A person with VR lens on is a mime artist of the digital age.
A mime artist is immersed in their own world, doing things that come from their head, and externalizes that imaginary event through exaggerated gestures. A mime artist constructs an alternative reality, an reality that no one among the audience can experience directly.
The audience can deduce the mime artist’s imaginary world through theory of mind, the ability to think in other people’s shoes, to empathize. It can also be explained by mirror neurons. For instance, if person A sees another person B throw a basketball, neurons in A’s brain that correspond to the action of throwing a ball will be activated.
Without a word, the modern VR user senses an alternative reality, interacts with it, while the rest can neither experience nor interact with this digital reality. But the VR user is often the agent of gaze, not the object. When the VR user becomes the object of gaze, they become quite comparable to mime artists, doing things completely disconnected from the material world and their immanent community.
Without the VR lens, a person making the same set of gestures cannot evade the persona as either a performer or a lunatic. But the same can be argued conversely — despite the lack of a pair of VR lens, will a lunatic ever be on an alternative reality, experiencing an interface that you cannot access?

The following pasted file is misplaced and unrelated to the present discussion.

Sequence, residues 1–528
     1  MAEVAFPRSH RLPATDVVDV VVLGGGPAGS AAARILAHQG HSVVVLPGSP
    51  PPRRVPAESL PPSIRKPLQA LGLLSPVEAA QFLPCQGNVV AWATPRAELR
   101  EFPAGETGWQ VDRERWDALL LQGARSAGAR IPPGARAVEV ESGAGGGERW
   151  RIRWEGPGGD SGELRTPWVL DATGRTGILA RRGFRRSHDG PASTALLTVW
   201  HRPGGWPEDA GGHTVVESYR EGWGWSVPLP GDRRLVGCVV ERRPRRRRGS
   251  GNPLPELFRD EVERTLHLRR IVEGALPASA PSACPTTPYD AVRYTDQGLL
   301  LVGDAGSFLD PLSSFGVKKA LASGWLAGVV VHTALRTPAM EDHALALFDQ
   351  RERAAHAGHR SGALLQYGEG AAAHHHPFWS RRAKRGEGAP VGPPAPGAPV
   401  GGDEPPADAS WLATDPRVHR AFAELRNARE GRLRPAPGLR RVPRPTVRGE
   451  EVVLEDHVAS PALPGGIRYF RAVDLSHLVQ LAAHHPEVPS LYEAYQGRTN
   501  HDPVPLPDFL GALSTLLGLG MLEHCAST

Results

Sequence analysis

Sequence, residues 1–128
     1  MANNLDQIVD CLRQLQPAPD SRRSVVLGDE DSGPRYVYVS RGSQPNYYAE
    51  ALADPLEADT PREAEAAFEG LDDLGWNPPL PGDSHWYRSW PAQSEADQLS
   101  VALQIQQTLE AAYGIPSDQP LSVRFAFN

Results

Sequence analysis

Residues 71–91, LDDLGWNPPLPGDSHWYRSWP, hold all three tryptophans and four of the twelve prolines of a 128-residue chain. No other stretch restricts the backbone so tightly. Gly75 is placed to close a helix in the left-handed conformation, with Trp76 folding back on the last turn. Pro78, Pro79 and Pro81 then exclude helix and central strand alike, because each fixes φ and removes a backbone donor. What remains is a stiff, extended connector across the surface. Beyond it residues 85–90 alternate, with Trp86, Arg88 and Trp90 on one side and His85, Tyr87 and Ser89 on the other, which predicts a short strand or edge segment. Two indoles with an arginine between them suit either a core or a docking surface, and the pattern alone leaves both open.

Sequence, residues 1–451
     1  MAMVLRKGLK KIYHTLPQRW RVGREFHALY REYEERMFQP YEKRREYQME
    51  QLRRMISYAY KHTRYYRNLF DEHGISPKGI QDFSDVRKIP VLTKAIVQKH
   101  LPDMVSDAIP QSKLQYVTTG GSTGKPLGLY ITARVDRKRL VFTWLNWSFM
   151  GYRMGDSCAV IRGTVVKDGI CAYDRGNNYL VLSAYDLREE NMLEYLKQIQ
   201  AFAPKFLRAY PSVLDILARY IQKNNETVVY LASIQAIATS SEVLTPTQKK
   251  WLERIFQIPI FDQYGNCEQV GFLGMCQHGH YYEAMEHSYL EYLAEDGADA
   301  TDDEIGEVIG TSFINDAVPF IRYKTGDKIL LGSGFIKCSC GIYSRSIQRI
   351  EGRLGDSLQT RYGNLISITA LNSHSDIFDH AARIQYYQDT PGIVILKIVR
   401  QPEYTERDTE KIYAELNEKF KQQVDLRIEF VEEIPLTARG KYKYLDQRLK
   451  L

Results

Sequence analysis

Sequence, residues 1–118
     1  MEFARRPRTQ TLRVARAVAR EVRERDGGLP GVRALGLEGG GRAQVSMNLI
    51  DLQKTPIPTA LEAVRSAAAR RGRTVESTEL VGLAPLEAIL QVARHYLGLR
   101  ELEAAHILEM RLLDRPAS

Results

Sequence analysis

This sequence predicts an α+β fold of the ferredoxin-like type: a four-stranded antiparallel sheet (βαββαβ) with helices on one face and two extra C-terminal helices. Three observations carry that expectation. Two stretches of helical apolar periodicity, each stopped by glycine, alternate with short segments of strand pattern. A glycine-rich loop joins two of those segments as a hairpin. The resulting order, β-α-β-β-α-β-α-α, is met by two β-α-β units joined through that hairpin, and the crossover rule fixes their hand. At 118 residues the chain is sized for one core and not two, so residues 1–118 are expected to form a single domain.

Virtual is relativistic. What is the meaning of virtual? The modern context has made us take technology as a default and a premise to the virtual, whereas in fact, technology is merely a craft, a tool to help the VR user quickly get into the delusional mental state. In this sense, technology is only used in the scenario where one couldn’t get into the target alternative state by pure imaginative powers within.
Reality is relativistic. It is generally the consensus of most people.
No matter a performer or a user, life has given these people a common name — clowns.